I looked at UDA via the SANE paper. I am not certain the the mind is
Turing emulatable, but will move onward. Using Star Trek transporter
concepts, I can accept steps 1 through 5. Step 6 takes only the mind
and sends it to a finite computational device or the entire person
into a device similar to a Holodeck, where the person is a
Holocharacter? I am not certain a UD is physically possible in a
finite resource Universe.
On Nov 28, 5:52 am, Bruno Marchal <marc...@ulb.ac.be> wrote:
> On 27 Nov 2010, at 19:05, ronaldheld wrote:
> > Jason(and any others)
> > Both. Level IV Universe is hard to explain even if real. Bruno's
> > reality is equally hard to convincing present.
> > Ronald
> Do you agree/understand that if we are machine then we are in
> principle duplicable? This entails subjective indeterminacy.
> All the rest follows from that, and few people have problems to
> understand UDA 1-7.
> UDA-8, which justifies immateriality, is slightly more subtle, but if
> you have followed the last conversation on it on the list (with
> Jacques Mallah, Stathis, ..) you could understand than to block the
> movie graph argument you have to attribute a computational role to the
> physical activity of something having non physical activity, and I
> don't see how we could still accept a digital brain in this case. With
> just UDA 1-7 you could already understand that most of quantum
> weirdness (indeterminacy, non-locality, non-clonability) is a
> qualitative almost direct consequence of digital mechanism (even in
> presence of a primitively material universe).
> AUDA, the Löbian interview, is another matter because you need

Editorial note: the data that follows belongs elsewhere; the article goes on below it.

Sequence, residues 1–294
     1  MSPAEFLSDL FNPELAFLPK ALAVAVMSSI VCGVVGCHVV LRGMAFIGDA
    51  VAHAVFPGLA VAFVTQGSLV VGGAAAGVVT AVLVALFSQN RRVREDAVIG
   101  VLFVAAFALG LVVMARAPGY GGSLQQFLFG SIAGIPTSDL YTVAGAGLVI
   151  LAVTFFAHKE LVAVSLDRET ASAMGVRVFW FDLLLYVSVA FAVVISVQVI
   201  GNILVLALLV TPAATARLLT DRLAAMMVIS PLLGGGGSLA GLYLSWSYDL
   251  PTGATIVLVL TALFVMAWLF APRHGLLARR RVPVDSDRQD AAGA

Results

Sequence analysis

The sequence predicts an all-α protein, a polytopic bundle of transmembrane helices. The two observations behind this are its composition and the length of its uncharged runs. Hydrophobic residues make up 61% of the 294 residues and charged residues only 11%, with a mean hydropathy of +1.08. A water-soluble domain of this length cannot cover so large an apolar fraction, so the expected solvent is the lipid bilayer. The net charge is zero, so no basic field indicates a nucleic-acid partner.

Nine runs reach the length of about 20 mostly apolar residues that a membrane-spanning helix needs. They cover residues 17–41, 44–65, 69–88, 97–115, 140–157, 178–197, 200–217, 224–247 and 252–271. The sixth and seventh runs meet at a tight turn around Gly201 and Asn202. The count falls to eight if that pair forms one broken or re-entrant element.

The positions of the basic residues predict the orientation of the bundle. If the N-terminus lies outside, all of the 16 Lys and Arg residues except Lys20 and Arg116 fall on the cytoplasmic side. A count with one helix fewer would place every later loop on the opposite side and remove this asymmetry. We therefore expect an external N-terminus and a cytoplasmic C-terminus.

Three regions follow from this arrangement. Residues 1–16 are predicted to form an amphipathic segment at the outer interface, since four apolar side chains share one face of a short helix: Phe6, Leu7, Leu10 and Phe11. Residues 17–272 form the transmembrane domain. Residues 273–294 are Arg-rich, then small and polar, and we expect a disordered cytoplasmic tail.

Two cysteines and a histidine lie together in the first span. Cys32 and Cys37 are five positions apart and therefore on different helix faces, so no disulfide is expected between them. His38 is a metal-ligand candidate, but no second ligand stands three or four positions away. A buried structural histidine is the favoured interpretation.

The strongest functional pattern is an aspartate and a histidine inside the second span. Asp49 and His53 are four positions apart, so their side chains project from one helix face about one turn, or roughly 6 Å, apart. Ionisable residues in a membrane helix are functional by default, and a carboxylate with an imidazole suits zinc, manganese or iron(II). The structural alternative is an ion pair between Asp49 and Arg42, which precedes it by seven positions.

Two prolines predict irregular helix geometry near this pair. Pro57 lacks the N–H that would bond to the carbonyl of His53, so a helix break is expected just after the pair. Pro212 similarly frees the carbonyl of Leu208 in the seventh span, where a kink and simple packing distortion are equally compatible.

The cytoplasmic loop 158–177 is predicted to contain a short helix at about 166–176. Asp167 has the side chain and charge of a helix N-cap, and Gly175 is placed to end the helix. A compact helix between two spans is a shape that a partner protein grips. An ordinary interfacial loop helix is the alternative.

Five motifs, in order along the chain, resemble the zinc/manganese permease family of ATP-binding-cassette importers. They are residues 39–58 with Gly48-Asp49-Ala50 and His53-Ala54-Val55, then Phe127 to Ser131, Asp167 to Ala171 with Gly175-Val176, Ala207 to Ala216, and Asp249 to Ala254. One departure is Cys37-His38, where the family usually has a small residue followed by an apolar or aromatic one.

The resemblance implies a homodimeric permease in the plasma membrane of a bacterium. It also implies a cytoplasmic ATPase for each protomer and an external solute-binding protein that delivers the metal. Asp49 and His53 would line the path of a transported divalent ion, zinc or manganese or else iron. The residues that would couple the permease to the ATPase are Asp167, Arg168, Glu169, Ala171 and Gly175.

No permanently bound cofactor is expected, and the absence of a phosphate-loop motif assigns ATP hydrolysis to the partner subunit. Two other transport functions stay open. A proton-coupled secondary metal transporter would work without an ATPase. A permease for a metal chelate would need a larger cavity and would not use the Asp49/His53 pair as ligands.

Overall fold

> familiarity with mathematical logic and recursion theory.
> Tell me please what you don't understand in the first steps of UDA. I
> am always interested to have an idea of what is it that people don't
> grasp. I am writing some "official" papers now, and that could help.
> Up to now the results are more ignored than criticized, or is
> considered as crap by religious atheist/materialist, without rational
> arguments. Tell me if you have a problem with the subjective (first
> person) indeterminacy. Thanks.
> > On Nov 26, 12:02 am, Jason Resch <jasonre...@gmail.com> wrote:
> >> On Wed, Nov 24, 2010 at 1:50 PM, ronaldheld <ronaldh...@gmail.com>
> >> wrote:
> >>> Jason:
> >>> I see what you are saying up at our level of understanding, I do
> >>> not
> >>> know how to present that in a technically convincing matter.
> >>> Ronald
> >> Which message in particular do you think is difficult to
> >> present convincingly? Tegmark's ideas that everything is real, or
> >> the
> >> suggestion that computer simulation might be a legitimate tool for
> >> exploration?
> >> Jason
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